Unlike many of the women here at the office, this is my first job out of varsity and I don’t have anything else to compare it to. I knew I was lucky when I walked into the office everyday and I didn’t have to feel like the token black person/woman who’s there to tick the BEE demographic box. I feel like I’m part of a company where the black women are all indispensable.
They all play a huge role when it comes to contributing to the company’s successes and victories and to have people like this to look up to has been a great help for my own self-esteem and confidence. It’s like how people feel about the Black Panther film, except it’s not in the dream land of Wakanda, but rather, right here in Melville’s 4th avenue.
I remember when a number of us were sitting in on our weekly boardroom meetings. Luleka Mossie, one of our project managers at the company who’s currently in the process of running an internet safety campaign that helps young teens navigate the exciting and also scary world of online, captured this really cool moment on her phone.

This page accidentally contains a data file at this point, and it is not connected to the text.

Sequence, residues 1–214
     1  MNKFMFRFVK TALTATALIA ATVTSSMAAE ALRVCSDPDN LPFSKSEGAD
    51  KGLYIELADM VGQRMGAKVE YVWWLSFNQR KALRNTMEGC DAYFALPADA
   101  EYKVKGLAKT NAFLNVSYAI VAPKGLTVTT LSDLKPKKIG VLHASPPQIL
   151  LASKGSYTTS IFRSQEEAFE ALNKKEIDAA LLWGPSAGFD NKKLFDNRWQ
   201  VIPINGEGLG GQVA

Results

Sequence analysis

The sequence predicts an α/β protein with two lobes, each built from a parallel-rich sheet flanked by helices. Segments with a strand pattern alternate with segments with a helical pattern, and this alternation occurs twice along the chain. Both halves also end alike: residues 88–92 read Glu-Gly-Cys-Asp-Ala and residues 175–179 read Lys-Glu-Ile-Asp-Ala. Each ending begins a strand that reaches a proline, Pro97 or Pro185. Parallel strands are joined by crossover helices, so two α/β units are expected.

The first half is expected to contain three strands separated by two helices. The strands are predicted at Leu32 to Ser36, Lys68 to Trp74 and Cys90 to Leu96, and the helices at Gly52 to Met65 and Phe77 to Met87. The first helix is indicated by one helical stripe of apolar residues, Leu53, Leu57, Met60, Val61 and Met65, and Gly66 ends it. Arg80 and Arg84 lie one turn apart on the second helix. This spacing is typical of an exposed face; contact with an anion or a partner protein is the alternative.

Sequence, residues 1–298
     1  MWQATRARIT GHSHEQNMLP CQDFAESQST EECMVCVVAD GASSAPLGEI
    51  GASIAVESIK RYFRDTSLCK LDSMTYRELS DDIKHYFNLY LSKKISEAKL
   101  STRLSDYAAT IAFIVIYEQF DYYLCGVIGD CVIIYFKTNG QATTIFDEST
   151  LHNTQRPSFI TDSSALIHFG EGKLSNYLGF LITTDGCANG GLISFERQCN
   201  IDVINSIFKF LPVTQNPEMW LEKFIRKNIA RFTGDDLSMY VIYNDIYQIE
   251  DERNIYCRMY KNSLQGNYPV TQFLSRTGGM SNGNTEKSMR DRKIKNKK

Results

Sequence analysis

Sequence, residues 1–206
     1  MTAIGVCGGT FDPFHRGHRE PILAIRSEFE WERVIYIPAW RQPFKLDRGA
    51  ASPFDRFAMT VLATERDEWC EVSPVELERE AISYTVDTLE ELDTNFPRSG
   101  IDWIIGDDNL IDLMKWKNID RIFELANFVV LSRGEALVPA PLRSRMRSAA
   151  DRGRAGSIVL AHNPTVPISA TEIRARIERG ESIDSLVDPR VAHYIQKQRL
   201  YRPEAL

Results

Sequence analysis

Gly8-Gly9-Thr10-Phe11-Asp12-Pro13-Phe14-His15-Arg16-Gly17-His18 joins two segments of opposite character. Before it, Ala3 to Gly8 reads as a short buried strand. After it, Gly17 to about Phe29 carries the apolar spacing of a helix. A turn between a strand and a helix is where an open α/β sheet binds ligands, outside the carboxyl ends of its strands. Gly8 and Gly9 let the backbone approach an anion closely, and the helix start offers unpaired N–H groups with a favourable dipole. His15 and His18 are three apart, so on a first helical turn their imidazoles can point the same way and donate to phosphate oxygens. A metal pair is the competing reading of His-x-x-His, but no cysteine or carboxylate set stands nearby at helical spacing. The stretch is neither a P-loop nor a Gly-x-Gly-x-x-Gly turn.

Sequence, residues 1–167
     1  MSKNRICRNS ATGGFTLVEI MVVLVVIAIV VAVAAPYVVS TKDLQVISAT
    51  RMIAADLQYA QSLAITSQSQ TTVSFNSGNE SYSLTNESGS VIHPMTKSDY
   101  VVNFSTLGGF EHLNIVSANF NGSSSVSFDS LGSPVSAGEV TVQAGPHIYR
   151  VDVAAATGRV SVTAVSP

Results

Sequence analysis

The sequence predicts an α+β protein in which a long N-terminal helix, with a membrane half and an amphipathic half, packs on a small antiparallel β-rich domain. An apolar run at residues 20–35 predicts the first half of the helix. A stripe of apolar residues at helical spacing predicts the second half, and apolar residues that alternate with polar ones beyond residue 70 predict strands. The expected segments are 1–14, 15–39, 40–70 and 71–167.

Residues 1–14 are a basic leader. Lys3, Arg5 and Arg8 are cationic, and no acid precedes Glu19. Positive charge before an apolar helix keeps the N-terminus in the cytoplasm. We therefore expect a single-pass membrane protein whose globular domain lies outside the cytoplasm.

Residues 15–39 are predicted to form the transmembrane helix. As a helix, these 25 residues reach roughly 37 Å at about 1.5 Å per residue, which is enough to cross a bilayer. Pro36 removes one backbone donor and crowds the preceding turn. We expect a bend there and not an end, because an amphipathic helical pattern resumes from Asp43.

We were doing nothing out of the ordinary, but she whipped out her phone for an Instagram post because it became apparent to all of us that that very image of us in the boardroom was a subversion of the historical image of what a typical corporate (and digital) company looks like. An entire room full of women were talking about what they had been doing throughout the past week, and the kinds of challenges they were experiencing in aiming to bridge the digital divide that excludes young disadvantaged kids from various opportunities. The moment sent chills down my back.